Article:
Revisit mid-20th century at FSU’s ‘Classic Herman Miller’ furniture exhibit

An award-winning exhibit of classic Herman Miller furniture on display at Florida State University through March 16 is revealing just how timeless good design can be.

Curated by the FSU Department of Interior Design, the “Classic Herman Miller” exhibition contains around 25 pieces of Herman Miller furniture from the 1940s, ‘50s and ‘60s. Among the vintage mid-century modern pieces are an Eames lounge chair and ottoman and a George Nelson marshmallow sofa.

This exhibit also comes with some interesting backstories.

For those of a certain age, the “Classic Herman Miller” exhibit offers an evocative stroll down an iconic, mid-century Memory Lane. For those a bit younger, it provides a fashionable peek into the living room or den that their parents or grandparents might have grown up in. And the very same designs can still be found today in furniture stores and living rooms worldwide –– proving that classic design and good taste never go out of style.

“Classic Herman Miller” is free and open to the public from 9 a.m. to 4 p.m. Monday through Friday through March 16 in the striking, 1,000-square-foot glass gallery of the William Johnston Building, located at 143 Honors Way on the Florida State University campus in Tallahassee, Fla.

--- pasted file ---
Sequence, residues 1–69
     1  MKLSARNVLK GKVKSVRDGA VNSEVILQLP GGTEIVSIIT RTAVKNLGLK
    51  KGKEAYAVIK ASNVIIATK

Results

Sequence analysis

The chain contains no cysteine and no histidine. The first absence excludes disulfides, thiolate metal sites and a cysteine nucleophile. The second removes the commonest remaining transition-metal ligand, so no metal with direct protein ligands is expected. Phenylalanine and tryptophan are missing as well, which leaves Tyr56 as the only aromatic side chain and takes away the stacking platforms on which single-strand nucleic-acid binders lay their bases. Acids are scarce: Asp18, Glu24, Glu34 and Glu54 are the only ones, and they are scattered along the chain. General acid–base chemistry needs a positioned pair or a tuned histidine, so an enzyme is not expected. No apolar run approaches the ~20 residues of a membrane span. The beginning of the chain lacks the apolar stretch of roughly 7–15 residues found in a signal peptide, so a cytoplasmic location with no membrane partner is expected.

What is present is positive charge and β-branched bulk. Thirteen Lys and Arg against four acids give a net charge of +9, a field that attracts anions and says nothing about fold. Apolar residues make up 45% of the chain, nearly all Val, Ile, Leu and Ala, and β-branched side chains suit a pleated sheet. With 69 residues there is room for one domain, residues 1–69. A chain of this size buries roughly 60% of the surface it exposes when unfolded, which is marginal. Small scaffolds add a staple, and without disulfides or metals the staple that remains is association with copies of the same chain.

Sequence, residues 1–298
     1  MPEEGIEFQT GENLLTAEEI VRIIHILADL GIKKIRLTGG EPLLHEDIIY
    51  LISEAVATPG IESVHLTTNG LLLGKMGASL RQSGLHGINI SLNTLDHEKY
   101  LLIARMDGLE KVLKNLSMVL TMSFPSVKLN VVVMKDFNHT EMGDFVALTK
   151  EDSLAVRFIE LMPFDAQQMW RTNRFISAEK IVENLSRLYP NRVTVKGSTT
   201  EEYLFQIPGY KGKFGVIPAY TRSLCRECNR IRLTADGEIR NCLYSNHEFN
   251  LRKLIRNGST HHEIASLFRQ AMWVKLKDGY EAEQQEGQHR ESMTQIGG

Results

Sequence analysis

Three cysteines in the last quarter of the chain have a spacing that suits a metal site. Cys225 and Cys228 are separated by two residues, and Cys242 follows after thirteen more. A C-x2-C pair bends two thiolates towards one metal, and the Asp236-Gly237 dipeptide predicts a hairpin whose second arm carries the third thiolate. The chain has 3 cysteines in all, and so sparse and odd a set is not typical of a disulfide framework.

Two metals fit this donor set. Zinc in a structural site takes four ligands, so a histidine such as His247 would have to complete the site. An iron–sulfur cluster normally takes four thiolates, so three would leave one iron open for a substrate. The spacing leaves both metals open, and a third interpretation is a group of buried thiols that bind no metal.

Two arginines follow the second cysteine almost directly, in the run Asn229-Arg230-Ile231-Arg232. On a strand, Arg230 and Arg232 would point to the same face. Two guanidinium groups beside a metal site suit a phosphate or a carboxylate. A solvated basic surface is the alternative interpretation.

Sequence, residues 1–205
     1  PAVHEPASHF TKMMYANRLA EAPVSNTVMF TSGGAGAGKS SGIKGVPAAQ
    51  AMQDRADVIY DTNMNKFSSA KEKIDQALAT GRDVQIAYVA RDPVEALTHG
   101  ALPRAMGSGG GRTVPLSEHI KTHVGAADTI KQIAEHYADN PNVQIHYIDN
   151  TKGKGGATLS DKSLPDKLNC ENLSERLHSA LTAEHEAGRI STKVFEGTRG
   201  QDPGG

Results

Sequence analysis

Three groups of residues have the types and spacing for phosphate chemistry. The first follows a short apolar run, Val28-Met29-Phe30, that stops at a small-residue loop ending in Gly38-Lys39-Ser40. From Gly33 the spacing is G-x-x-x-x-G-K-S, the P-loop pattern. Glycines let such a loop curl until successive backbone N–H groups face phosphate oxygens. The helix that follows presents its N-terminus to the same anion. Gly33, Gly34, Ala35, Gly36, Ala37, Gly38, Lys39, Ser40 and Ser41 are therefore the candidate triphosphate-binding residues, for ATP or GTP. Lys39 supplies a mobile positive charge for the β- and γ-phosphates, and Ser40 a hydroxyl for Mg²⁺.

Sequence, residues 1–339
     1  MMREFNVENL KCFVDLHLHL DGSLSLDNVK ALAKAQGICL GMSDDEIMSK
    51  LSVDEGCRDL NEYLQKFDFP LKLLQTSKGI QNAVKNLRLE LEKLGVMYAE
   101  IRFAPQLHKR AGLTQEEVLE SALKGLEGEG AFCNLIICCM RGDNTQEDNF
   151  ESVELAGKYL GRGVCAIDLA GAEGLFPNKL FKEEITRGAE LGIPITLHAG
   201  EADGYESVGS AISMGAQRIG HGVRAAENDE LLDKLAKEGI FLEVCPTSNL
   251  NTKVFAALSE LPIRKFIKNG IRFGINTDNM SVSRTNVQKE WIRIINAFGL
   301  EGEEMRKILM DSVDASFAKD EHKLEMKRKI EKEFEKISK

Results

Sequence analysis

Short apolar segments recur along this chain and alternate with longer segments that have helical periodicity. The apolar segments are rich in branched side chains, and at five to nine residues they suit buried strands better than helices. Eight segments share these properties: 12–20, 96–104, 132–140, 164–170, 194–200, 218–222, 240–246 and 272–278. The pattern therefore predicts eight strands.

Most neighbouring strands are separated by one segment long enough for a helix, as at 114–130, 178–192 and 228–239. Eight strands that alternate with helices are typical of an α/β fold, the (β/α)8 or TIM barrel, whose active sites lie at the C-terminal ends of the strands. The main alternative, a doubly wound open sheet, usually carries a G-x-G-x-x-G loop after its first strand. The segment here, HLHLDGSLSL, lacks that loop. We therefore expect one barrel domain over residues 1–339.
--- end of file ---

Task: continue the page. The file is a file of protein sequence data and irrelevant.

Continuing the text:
Already captivated by the exhibition at Florida State is the American Society of Interior Designers. It recently awarded the exhibit’s curator, Department of Interior Design Chairman Eric Wiedegreen, an Honorable Mention in the Commercial Category in the ASID Educator Design Excellence Competition. The annual, peer-reviewed and juried national design contest recognizes interior design excellence in both residential and commercial projects completed by ASID Educator members.

The “Classic Herman Miller” exhibit is underwritten by the Florida State University College of Visual Arts, Theatre and Dance and Herman Miller Inc. and supported by the Appleton Museum of Art.

To learn more:

· Go to the FSU video posted here on YouTube that features a brief preview of the exhibit with curator Wiedegreen.
· Visit the College of Visual Arts, Theatre and Dance website for additional information and selected images.